Buck Boost Converter MOSFET Voltage

Thread Starter

andrep182

Joined Feb 7, 2012
6
Hi all,

First time posting in this thread, hoping I can get help on a homework I'm stuck with.

Buck Boost.png
Working on a homework on buck-boost, given the following :
  • Vin = 12V
  • Vout = -5V
  • R load = 2.5 ohm
  • Fsw = 20kHz
  • Assume ideal, at CCM
I have calculated more values based on some of the questions it asked:
  1. Duty cycle = 0.2941
  2. Inductor current = 2.833A
  3. Inductor value (assuming delta IL = 15% of IL) = 20.76uH
  4. Capacitor value (assuming delta Vc = 25mV) = 58.82uF
I am having trouble answering the last 2 questions of this HW:
upload_2019-7-27_16-38-39.png

My understanding is that the Vq is the switching voltage. Which means that the waveform should look something like this:
HW#2.jpg

Assuming that, for question 12, the peak voltage should be equal to Vin = 12V. Furthermore, for #13, my guess is the DC component of this waveform should be Vin * D = 2.99V. Of course I got both questions wrong and thus I'm here looking for advice. Not sure how else to go about this logic at the moment. Any help is appreciated, thanks!
 

crutschow

Joined Mar 14, 2008
23,808
For starters, if you are looking for the peak voltage across the MOSFET, than it has to be more than 12V, since it also sees the negative voltage the inductor has when the MOSFET is off (to generate the -5V output), in addition to the +12V input voltage.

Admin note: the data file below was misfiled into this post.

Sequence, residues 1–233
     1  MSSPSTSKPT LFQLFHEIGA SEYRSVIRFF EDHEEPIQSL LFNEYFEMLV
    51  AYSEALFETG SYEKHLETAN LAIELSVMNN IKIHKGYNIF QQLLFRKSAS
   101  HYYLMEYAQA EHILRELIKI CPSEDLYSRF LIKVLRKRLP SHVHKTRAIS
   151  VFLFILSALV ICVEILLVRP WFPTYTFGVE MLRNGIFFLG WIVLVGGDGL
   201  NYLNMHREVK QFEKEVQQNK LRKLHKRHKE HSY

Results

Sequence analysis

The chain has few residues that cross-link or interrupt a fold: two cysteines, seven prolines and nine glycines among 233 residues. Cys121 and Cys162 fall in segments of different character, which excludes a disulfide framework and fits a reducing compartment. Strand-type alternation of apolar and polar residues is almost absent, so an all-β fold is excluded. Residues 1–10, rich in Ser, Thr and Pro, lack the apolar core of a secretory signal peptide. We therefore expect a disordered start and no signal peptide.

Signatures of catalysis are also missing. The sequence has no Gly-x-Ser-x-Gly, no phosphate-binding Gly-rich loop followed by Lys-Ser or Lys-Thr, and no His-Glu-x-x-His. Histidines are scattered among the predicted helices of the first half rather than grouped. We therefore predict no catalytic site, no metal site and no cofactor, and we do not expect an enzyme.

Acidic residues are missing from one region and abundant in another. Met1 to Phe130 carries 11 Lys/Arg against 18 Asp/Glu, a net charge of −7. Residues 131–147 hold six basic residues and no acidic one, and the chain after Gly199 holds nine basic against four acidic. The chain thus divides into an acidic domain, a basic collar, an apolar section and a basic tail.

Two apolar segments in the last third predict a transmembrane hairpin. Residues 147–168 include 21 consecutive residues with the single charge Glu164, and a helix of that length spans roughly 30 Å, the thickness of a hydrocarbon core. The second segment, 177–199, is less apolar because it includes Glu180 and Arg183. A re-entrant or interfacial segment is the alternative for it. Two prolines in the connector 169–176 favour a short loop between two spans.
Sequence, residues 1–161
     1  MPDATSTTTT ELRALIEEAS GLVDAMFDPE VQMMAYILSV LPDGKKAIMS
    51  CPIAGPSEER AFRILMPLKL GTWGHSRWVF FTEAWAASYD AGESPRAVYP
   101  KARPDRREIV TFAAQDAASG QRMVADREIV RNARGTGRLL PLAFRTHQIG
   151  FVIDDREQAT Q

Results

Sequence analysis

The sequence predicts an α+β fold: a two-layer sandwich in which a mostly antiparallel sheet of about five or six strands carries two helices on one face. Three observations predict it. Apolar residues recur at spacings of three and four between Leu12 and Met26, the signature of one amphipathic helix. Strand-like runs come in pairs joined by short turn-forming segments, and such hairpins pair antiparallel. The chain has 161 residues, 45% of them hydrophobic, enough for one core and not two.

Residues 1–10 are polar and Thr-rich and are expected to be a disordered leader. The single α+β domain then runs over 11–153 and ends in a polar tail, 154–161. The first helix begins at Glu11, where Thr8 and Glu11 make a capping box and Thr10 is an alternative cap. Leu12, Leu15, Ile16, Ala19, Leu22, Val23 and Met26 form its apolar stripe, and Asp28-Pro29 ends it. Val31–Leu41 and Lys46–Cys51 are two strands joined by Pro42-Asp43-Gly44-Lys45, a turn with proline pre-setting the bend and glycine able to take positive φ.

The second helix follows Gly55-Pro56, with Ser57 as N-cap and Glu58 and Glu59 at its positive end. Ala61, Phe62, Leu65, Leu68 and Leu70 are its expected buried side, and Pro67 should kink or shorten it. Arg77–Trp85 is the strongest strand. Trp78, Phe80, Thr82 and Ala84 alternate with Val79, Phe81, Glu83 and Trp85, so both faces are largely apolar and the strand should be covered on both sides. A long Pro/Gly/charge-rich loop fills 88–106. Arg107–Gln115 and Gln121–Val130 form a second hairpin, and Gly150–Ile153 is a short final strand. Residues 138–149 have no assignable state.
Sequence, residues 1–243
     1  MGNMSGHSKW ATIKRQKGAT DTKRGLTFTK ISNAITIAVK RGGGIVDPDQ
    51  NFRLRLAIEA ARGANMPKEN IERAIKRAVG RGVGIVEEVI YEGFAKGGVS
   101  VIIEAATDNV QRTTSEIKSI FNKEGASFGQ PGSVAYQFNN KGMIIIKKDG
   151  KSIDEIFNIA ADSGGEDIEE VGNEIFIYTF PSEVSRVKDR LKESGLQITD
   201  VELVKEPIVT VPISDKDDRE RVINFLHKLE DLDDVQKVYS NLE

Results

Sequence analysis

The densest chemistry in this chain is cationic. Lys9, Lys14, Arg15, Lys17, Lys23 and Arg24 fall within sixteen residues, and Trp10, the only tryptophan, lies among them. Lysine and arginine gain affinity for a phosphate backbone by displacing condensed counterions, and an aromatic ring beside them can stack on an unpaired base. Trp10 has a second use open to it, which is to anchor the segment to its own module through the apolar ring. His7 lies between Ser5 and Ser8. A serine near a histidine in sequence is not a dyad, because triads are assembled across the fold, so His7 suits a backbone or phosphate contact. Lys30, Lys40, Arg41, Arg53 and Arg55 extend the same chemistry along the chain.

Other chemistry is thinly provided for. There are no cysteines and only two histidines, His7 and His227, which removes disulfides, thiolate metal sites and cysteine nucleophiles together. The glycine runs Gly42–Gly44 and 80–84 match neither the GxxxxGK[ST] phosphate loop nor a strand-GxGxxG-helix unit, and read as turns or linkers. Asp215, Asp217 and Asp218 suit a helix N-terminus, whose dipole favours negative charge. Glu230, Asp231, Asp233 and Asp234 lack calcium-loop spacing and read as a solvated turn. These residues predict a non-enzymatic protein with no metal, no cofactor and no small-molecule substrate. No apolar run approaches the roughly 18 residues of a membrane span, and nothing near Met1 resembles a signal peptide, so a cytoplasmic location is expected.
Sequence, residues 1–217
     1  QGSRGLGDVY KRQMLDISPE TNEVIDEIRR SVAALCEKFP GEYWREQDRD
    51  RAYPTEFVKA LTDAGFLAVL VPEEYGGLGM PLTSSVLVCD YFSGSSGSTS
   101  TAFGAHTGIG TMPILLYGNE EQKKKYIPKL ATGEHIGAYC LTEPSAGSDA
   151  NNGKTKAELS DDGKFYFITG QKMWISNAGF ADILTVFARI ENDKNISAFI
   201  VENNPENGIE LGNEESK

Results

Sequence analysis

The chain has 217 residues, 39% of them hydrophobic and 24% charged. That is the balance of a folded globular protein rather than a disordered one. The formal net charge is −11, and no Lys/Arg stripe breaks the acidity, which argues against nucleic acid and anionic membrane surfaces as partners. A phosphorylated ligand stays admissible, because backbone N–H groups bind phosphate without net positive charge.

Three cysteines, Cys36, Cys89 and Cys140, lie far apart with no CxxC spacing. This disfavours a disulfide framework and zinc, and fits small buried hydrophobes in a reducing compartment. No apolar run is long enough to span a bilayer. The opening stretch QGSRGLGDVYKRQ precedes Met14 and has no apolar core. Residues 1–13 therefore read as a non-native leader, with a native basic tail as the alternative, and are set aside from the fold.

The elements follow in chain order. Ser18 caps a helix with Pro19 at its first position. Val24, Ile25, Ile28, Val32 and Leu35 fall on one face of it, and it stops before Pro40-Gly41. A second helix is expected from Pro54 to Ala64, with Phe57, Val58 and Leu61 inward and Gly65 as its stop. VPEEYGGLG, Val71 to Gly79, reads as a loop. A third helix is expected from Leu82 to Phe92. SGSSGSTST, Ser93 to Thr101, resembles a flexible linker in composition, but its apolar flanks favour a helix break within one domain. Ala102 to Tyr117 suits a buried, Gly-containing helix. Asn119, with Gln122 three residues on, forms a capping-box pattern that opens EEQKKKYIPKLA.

Thread Starter

andrep182

Joined Feb 7, 2012
6
Oh right! as soon as the FET turns on again, the potential on that inductor node is still -5V. So it should look like this then?

IMG_20190727_185408.jpg

Which means the peak voltage should actually be 17V?
 

Thread Starter

andrep182

Joined Feb 7, 2012
6
Thanks! Now, comes the next question (about the dc component part). My thought process was that it should be the average voltage of Vq, but I'm not sure how to calculate that. Any hint you can give me?
 

crutschow

Joined Mar 14, 2008
23,808
Actually the voltage when the MOSFET is off is basically a constant, since although the inductor current is changing, the voltage does not as long as it is pulling current through the diode and charging the -5V output capacitor.

Then to get the average voltage you just take the off-voltage and the on-voltage and use the duty-cycle to calculate the average.
 

Thread Starter

andrep182

Joined Feb 7, 2012
6
Hi,

How did you calculate the inductor value?
I ask because 21uH sounds small for a switch frequency of 20kHz.
Good catch, and it was a typo from my part, sorry ... Fsw is supposed to be 200kHz. That should make sense now, but in case you're still wondering what I used to calculate it, it was with the following:

L = (Vin*D*T)/(2*delta IL)
 

MrAl

Joined Jun 17, 2014
6,825
Good catch, and it was a typo from my part, sorry ... Fsw is supposed to be 200kHz. That should make sense now, but in case you're still wondering what I used to calculate it, it was with the following:

L = (Vin*D*T)/(2*delta IL)
I was going to guess either 200kHz or 210uH :)
 

Uilnaydar

Joined Jan 30, 2008
118
This thread brought tears to my eyes. TS posted question, full details, and his attempt to work it out. He then engaged all the other folks in the dialog and questions. <sniff> This was BEAUTIFUL!! I would consider it an honor to interview you in the future TS!
 
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